The Internet may have become most famous as a computer network for the masses, with its gigabytes of Pamela Anderson jpegs, but that's starting to change. Case in point: The Global Workplace.com (www.global-workplace.com), which launches on Thursday, is aiming to put something of the global computer network into the old boys' network.
This "exclusive worldwide appointments network", which started life as an electronic jobs market for the prestigious London Business School before a buyout by its co-founders, has signed up a host of other business schools -- from New Zealand and Hong Kong to the US -- to bring their alumnae into the pool of potential executives.
If you're, say, a multinational bank, the idea is that you can put a request through the system and find talented, experienced job applicants for any of your far-flung offices -- in Internet time. But is the school-tie brigade ready to exchange the smoke-filled back rooms for the world of point-and-click?
techTrader spoke to William Archer, the service's director and co-founder.
Why would someone use The Global Workplace.com instead of going to an executive recruiter?
What you don't get with us is the full lunch and all that selection process. This is a way of connecting directly with relevant people, getting directly in contact because they're interested in a position you have. In practice, it's a wider community than you'd get with individual headhunters. Also, you only pay if you recruit the right person, so it's cheaper.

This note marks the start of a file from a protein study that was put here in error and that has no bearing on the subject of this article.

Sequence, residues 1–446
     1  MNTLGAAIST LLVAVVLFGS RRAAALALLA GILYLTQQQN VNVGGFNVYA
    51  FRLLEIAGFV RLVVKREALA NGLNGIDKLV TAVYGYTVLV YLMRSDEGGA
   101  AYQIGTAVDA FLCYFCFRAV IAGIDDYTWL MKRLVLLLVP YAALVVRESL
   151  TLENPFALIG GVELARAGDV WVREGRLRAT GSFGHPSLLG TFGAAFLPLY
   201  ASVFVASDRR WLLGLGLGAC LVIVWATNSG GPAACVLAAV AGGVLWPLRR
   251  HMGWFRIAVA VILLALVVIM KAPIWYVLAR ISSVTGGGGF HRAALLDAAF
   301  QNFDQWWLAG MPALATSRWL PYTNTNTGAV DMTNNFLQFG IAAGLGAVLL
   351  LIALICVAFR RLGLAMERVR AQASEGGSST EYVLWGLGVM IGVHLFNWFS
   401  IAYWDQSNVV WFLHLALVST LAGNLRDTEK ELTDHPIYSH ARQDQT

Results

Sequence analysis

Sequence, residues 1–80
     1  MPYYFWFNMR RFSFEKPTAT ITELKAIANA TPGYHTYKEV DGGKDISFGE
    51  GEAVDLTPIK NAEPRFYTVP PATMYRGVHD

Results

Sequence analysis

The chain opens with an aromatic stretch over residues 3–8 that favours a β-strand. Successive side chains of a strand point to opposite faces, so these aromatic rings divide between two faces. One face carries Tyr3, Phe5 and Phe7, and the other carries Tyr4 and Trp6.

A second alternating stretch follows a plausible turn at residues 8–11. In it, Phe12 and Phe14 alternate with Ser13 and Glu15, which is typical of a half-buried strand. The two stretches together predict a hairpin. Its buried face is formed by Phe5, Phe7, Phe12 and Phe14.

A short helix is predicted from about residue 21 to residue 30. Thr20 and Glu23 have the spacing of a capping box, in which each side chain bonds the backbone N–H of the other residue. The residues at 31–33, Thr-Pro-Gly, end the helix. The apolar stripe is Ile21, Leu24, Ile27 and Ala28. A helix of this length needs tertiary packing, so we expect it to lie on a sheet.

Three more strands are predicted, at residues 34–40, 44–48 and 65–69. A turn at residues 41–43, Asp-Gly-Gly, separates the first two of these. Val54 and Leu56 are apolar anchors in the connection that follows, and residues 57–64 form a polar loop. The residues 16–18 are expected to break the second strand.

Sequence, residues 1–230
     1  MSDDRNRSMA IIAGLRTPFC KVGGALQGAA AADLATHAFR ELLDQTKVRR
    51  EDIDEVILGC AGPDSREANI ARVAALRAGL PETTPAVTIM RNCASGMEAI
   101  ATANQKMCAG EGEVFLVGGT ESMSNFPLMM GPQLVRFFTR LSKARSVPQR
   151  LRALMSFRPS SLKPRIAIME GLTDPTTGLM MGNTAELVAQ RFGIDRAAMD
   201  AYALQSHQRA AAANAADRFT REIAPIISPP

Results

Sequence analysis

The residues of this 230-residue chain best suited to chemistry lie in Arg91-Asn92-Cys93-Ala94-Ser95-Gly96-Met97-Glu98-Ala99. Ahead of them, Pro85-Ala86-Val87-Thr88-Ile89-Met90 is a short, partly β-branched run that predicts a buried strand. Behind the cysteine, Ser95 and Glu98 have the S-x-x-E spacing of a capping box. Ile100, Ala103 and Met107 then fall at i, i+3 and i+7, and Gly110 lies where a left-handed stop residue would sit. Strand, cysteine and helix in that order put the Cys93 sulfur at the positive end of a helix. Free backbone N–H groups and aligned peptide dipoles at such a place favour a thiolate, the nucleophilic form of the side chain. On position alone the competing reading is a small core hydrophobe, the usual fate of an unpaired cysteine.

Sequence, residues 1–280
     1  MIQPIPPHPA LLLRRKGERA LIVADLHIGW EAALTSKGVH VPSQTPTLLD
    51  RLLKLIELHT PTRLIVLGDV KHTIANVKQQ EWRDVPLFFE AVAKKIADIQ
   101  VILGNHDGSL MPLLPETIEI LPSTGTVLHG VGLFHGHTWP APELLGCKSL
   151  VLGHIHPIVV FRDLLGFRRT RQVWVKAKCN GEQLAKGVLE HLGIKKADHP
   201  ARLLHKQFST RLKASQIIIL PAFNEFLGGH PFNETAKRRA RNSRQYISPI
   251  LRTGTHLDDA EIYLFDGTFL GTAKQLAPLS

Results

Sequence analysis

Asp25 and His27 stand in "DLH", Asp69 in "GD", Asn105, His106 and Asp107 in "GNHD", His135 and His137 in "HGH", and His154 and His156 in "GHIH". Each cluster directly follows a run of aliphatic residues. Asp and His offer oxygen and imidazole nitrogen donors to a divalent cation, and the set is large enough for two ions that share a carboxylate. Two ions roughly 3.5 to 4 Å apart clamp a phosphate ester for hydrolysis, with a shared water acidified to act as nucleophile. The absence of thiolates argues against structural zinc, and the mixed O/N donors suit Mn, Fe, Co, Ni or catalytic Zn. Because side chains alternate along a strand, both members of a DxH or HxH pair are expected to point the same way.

There's still a role for headhunters -- if you needed to encourage somebody away from another job, for example, you'd use a recruiter in that context.
Are "exclusive" services the future of the Internet?
I don't know about that, but what we are seeing is a move towards communities, places you identify with, where you feel a sense of loyalty, of belonging. If you spend one to three years [at a business school], you'll have that sense of belonging to a community, and we're opening that up to an employer who wants to access that type of talent.
You're service is aimed at "high flyers", according to the press release. Who do you see as the ideal job applicant?
It's difficult to say a particular type of person. It could be somebody who's been working for one of the strategy houses in the UK and wants to move to Hong Kong or Spain, Portugal, Italy.
The other group this works well for are early-stage businesses -- startups -- who've suddenly got funding and are told to go and get some big hitters on board. Those people can see the benefits of having an experienced MBA from a top school on board. For people interested in making the transition into a new economy business, this is a natural connecting point.
Would you use the service yourself?
We're certainly looking for the right kind of talent ourselves. It wouldn't make sense to use another service to recruit.
What would be your advice to someone looking to start a dotcom business in the UK?
In the UK, we're living in a unique time. There's all this talk about how we're two years behind the States, but that's not a bad thing. We have all the opportunities the US market has already experienced still ahead of us here. I'd say to people now is the time to run with it, and not to spend too much time wondering about what's happening along the way.
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